SCOTUS Awards Nuns Victory In Birth Control Fight

The Court extended an injunction from earlier this month allowing the Little Sisters of the Poor to avoid self-certifying under Obamacare's contraception mandate.

Mike Derer/AP

Without dissent, the Supreme Court extended its injunction in the controversial case of Little Sisters of the Poor v. Sebelius on Friday.

In a one paragraph order, the Court allowed the Little Sisters of the Poor to continue to avoid "self-certifying" that they seek to be exempted from the contraception mandate under Obamacare. The organization has sought to avoid doing so because it believes that the self-certification process, which consists of sending a form to the Department of Health and Human Services stating that it wishes to be exempted, still violates its religious beliefs by forcing them into a certain level of compliance with the law.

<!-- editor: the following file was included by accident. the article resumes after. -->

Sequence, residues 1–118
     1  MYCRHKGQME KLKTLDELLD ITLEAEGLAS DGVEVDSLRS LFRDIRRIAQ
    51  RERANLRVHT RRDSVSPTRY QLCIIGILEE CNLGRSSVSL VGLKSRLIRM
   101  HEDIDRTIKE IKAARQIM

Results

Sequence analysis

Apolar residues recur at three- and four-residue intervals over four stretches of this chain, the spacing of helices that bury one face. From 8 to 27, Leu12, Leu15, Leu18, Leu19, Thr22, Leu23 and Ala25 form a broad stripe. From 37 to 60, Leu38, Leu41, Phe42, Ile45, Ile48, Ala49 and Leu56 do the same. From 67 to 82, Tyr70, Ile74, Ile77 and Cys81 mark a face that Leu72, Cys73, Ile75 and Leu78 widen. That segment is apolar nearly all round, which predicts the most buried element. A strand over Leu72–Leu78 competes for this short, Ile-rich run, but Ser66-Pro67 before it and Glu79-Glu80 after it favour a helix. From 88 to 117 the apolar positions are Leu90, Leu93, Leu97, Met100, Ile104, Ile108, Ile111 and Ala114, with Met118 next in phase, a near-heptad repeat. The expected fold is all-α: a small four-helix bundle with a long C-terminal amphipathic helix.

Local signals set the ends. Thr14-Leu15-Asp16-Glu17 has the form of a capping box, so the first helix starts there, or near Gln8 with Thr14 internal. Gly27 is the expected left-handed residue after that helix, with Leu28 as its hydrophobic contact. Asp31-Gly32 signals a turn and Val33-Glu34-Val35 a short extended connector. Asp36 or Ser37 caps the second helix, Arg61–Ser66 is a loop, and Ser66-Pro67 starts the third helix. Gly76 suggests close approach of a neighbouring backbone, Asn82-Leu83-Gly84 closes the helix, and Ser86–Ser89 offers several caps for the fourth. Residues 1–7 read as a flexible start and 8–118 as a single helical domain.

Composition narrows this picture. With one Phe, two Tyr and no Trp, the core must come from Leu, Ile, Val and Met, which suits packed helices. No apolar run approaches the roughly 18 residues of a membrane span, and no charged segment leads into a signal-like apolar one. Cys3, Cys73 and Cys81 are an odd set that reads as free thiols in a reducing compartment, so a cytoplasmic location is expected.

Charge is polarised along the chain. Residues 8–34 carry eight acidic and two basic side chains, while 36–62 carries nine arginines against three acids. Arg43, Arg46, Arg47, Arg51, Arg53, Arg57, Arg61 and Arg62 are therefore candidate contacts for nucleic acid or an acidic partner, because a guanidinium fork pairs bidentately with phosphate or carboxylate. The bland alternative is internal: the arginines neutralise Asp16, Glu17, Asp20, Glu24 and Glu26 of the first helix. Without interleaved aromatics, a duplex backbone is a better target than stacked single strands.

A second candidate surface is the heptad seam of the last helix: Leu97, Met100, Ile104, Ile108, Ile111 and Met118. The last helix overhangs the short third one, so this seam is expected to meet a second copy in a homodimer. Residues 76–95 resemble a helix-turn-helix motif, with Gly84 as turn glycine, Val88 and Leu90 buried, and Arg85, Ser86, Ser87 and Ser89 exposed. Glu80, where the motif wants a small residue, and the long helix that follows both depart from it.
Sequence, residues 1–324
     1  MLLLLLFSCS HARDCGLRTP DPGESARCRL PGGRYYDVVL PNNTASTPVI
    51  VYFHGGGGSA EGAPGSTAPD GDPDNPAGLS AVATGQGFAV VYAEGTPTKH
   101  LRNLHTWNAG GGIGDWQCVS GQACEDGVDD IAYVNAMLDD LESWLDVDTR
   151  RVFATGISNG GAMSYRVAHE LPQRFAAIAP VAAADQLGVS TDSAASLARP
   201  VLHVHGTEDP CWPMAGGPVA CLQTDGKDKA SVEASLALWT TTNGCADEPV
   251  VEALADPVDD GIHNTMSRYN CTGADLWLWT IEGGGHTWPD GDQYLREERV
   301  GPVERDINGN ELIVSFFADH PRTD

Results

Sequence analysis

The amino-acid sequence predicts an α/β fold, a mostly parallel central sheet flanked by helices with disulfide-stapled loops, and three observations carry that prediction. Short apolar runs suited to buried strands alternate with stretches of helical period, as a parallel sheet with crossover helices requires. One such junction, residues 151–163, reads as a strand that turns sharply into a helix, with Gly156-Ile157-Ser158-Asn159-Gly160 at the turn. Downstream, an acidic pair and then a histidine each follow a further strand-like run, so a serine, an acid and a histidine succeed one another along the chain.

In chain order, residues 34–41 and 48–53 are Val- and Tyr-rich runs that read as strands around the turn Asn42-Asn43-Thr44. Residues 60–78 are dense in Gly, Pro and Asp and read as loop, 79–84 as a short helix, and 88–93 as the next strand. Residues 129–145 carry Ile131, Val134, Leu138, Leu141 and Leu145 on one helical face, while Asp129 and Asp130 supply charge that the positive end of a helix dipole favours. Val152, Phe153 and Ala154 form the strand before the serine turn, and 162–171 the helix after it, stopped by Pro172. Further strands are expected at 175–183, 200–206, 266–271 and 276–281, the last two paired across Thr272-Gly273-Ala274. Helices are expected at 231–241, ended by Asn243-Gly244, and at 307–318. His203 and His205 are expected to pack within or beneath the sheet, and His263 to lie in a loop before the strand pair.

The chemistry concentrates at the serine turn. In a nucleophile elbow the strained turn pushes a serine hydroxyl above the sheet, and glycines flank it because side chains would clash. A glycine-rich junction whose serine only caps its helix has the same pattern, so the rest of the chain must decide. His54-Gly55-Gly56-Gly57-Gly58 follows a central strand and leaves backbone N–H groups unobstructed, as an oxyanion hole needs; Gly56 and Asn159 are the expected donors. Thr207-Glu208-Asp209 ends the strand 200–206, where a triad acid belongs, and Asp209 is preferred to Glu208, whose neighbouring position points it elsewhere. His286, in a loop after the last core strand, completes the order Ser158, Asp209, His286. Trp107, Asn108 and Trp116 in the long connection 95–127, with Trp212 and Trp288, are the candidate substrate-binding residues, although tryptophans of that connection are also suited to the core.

Instead, the Court held that if a group informs HHS "in writing that they are non-profit organizations that hold themselves out as religious and have religious objections to providing coverage for contraceptive services" the government can't enforce the mandate. The victory for the Little Sisters of the Poor is that they don't have to use the mandated form.

The order ended by noting that "The Court issues this order based on all of the circumstances of the case, and this order should not be construed as an expression of the Court’s view on the merits.” In other words, just because the Supreme Court ruled in favor of the Little Sisters of the Poor on this procedural motion, it doesn't mean it will take their side if it ever hears the case (which is currently pending in the Tenth Circuit Court of Appeals).